It would take a couple of seasons for Adams to establish himself as a first-team regular, but even after the shaky start in his debut match it was clear that Adams was destined for big things at Arsenal. Four titles (in three different decades), three FA Cups, two League Cups, and a Cup Winners' Cup for Mr Arsenal, a man who became such a legend at the club that he now has his own statue outside the stadium. That sums it all up.

Willie Garner: Celtic v St Mirren, 1981

Talk about making an impression. Garner arrived from Aberdeen in the summer of 1981, a dream move for the defender to his boyhood club. But his time at Celtic would be short lived, as an unfortunate debut pointed the way to a less than happy time at Parkhead.

A 3-1 home loss to St Mirren in the group stage of the Scottish League Cup was bad enough, but the fact that Garner scored two own goals made the occasion even more difficult to swallow for the debutant. Garner would play just two more games for Celtic - a 2-0 defeat at St Johnstone and a 1-0 loss against Hibernian - and by November 1982 he was shown the door on his way to Alloa.

His debut may have given him nightmares, but very few of us can ever say that we got the chance to play for our team, in our home stadium. Obviously it did not go as well as intended, or as he would have played it out in his head, yet Garner can at least say that for a short period of time he realised his footballing ambition, even if his debut has entered Celtic folklore.

Tony Coton: Birmingham v Sunderland, 1980

On to a much more positive debut now, as Birmingham's goalkeeper Tony Coton made an impact with his very first touch in league football. The 19-year-old was only made aware that he would be replacing Jeff Wealands for the Sunderland home match just thirty minutes before the kick off. Maybe this helped Coton, not giving him as much time to think about the enormity of what was about to happen. But if he wanted a gentle introduction he was out of luck.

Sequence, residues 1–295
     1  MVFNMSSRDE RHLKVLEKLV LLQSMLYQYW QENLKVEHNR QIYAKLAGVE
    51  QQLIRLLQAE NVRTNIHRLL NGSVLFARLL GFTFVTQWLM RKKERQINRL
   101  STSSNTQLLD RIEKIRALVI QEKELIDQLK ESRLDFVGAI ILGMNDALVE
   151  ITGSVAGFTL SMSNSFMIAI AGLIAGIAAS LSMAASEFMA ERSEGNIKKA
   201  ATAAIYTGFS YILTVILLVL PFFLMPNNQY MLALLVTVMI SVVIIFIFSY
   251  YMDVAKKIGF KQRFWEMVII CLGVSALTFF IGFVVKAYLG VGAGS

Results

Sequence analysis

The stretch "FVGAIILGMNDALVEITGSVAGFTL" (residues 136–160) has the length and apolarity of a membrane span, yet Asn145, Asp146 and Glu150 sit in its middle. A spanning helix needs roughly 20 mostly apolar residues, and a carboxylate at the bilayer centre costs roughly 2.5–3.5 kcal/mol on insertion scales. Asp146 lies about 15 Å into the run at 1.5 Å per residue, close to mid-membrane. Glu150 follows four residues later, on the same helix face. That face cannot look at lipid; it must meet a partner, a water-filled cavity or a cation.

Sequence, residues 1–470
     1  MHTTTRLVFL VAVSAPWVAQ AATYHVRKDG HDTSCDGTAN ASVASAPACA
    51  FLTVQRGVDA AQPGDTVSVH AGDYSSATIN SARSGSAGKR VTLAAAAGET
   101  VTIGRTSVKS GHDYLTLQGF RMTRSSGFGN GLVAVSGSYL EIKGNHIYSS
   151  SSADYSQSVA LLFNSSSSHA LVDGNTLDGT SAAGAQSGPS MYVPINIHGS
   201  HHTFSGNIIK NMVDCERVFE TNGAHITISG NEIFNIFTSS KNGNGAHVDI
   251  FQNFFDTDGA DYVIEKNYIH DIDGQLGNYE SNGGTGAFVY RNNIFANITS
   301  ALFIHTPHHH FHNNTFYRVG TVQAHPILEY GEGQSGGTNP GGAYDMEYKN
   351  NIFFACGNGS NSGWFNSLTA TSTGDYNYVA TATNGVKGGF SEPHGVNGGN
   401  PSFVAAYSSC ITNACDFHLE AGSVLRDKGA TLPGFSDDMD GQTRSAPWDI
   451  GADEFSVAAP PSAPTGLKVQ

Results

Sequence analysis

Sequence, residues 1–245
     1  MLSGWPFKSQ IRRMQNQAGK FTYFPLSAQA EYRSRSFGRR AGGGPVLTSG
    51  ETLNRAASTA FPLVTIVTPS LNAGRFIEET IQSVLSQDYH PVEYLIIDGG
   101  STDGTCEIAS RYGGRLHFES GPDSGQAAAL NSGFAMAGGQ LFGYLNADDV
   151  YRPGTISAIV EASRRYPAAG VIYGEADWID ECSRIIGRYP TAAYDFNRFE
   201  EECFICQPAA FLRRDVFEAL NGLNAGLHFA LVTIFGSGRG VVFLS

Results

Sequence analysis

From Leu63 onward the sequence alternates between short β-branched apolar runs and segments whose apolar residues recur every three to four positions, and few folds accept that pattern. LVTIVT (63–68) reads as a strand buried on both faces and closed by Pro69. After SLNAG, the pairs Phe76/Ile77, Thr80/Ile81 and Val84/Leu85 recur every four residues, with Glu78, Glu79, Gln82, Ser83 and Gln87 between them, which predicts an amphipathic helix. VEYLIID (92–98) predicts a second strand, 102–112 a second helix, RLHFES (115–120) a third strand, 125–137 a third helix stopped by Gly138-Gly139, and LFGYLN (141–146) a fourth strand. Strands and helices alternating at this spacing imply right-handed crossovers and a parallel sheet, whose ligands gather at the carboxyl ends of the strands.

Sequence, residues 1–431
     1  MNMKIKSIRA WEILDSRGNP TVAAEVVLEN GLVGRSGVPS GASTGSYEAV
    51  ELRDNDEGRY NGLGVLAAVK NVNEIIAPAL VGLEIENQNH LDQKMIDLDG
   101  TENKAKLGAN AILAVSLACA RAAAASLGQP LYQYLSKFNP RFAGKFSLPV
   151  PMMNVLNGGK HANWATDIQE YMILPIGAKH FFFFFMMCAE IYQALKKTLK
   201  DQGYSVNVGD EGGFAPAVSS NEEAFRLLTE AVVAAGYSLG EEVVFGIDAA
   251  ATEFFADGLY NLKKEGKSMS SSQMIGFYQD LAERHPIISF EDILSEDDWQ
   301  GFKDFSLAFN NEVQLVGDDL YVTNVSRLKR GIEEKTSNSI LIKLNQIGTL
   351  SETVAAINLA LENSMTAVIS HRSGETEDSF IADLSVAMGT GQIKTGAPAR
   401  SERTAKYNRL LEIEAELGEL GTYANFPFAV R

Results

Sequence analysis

Immediately Sunderland attacked, and when Joe Gallagher conceded a penalty, John Hawley had the chance to give the visitors an early lead from the spot. Coton had not even touched the ball before he was faced with the very real prospect of picking the ball out of the net, but in a moment that might not have been out of place in a naff football film, Coton saved Hawley's attempt.

Coton had made a name for himself just 54 seconds into his career, as Birmingham eventually won 3-2 in a match which Coton still views as his favourite game in league football. Hardly surprising given the heroic start he made to his career.

John O'Neill: Norwich v Wimbledon, 1987

The saddest tale amongst this list of footballing debuts, John O'Neill's first game for Norwich was short and not so sweet. Purchased to replace the departed Steve Bruce, O'Neill faced a baptism of fire against the Crazy Gang of Wimbledon at Plough Lane. It would turn out to be the last game of his career.

John Fashanu's late tackle left the Northern Ireland international with snapped knee ligaments and a severed nerve, an injury so bad that surgeon Hugh Phillips, speaking after performing an operation on O'Neill, indicated the extent of the injury: "The injury is the worst of its type I have seen. I can not be sure of a full recovery". O'Neill never recovered from the injury and had played his last professional game by the age of 29.

O'Neill attempted to sue Fashanu and eventually settled out of court for £70,000. That O'Neill had to pay £150,000 in legal bills must have left him feeling as if the whole world was against him though. Norwich showed some class, however, giving O'Neill a Testimonial in 1989 - Norwich v John O'Neill Select XI, for which Gary Lineker scored four goals - but O'Neill's story is a stark reminder of just how precarious a career football could be, especially in the rough and tumble world of British football in the 1980s.